Monday, 6 August 2012

Devonwall - glad the threat is gone, but little to celebrate

I could be gloating about today's announcement by Nick Clegg that Lib Dem MPs will be voting against the new boundaries (including Devonwall) thereby all but ensuring that they won't be in place for the next election. I predicted that the next general election would be fought on the same boundaries as the last way back in September last year.

The fact that I'm not is for two reasons. First, because the relief may only be temporary. Clegg has said that the changes to constituencies should be stopped only until after the next election. It may well be that any pause will mean their abandonment, but it could equally be that we will have to fight this battle again in a few years time.

Second, this victory comes at a heavy price. We haven't seen off Devonwall because it is and always was a ridiculous notion that ignores centuries of history and culture and divides communities. It has been lost in a revenge attack by Nick Clegg on the Conservatives for their failure to back the coalition agreement on Lords reform. Cameron couldn't deliver his troops and so Clegg has made explicit that the Lib Dems will scupper a move which would make it easier for the Tories to secure an overall majority in the future.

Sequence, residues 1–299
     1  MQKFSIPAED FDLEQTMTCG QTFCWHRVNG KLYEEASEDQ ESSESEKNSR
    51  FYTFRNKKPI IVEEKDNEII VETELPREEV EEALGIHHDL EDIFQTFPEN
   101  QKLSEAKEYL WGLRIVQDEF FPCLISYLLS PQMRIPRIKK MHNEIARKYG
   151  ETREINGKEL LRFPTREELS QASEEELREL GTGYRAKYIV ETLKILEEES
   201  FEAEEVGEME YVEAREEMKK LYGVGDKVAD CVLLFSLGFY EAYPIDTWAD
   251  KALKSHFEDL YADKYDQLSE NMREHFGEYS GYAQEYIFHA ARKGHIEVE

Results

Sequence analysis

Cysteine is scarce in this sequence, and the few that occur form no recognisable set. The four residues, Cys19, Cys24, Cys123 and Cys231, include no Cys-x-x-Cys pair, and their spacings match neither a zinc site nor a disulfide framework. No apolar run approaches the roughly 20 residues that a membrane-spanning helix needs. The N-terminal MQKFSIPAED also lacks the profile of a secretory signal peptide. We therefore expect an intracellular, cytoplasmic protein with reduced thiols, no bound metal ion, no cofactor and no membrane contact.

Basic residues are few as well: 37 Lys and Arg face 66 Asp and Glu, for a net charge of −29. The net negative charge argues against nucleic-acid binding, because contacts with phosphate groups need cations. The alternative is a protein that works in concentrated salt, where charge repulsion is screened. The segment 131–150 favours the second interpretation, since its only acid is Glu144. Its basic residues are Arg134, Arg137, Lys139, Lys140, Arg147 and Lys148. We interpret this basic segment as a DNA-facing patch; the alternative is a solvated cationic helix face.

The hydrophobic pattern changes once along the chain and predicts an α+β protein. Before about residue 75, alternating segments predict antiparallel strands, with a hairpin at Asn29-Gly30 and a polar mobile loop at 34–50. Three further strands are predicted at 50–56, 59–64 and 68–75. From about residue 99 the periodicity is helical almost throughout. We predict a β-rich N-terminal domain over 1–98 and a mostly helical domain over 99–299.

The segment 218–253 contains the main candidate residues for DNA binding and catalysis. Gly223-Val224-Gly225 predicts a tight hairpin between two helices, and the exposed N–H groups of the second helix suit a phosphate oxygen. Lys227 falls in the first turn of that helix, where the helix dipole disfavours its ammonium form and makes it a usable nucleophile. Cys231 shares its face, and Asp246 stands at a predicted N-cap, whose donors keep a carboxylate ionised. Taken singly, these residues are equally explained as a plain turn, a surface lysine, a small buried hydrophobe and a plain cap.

I hope that the coalition survives. For all that I hate some of things that it has done, I still think it's the best chance of securing the economic recovery that is the number one priority of the country. I also think that we have to be a mature enough democracy to expect two parties to be able to work together for the common good in cases where no one wins an overall majority at an election. If the leaders starts chucking their toys now, then it makes a future coalition of any combination more difficult to achieve.

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